I am trying to figure out what hashing algorithm is used for the Microsoft Symbol Local Cache directory.
For example, the local cache can be something like the following
L:\Symbols \browseui.dll \44FBC679fe000 browsue.dll \browseui.pdb \44F402F62 browseui.pdb \explorer.exe \3EBF1F14f7000 explorer.exe \explorer.pdb \3EBF1F141 explorer.pdb \msvcr71.pdb \60D915C6AB6A4F3586E9096E2F8856482 msvcr71.pdb
There seems to be some sort of correspondence between a file and its debug database. Other than that, I can’t figure out how the names of these (presumably) hexadecimal string folders are being generated.
Some of them are 9 digits, some 13 digits, and others are 33 digits. It looks like an actual, live-file (which for some reason is stored in the symbol cache) has a 13-digit hash while its (nearly similar) debug database gets a 9-digit hash. Some debug databases get a 13-digit hash; can’t figure out what makes these ones special, although they don’t have a corresponding live-file.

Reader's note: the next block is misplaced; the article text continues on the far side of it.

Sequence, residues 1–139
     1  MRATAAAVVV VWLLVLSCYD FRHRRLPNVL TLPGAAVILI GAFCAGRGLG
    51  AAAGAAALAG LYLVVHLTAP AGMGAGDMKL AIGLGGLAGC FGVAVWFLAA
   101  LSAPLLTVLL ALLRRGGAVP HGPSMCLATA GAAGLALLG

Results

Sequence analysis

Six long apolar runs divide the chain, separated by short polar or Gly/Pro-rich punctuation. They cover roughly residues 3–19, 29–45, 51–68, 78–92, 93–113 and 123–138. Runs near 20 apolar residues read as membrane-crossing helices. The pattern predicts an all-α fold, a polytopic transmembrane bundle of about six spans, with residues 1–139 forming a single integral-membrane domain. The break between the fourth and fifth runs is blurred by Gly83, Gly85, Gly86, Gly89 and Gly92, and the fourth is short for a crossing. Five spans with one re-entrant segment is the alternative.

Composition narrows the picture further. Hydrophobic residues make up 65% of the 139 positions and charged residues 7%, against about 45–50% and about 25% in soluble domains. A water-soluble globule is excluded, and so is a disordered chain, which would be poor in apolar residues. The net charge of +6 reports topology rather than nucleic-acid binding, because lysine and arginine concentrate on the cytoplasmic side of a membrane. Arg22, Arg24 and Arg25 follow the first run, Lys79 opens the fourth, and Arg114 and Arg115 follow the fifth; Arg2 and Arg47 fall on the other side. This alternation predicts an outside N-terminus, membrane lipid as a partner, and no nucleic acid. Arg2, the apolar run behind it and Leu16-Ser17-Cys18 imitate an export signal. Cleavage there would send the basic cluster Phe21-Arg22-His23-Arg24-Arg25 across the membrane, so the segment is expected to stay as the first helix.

I’ve tried hashing the files with every kind of hash algorithm that I know of (39 of them) and none match in any way (straight up, reversed, alternate endian’d, etc.)
Update I think I finally found it. From Symbol Storage Format:
SymStore uses the file system itself as a database. It creates a large tree of directories, with directory names based on such things as the symbol file time stamps, signatures, age, and other data.
Edit Dang, unfortunately it only mentions that the directory name is derived from various aspects (not quite a hash I guess), but does not say exactly how. The search continues… :-(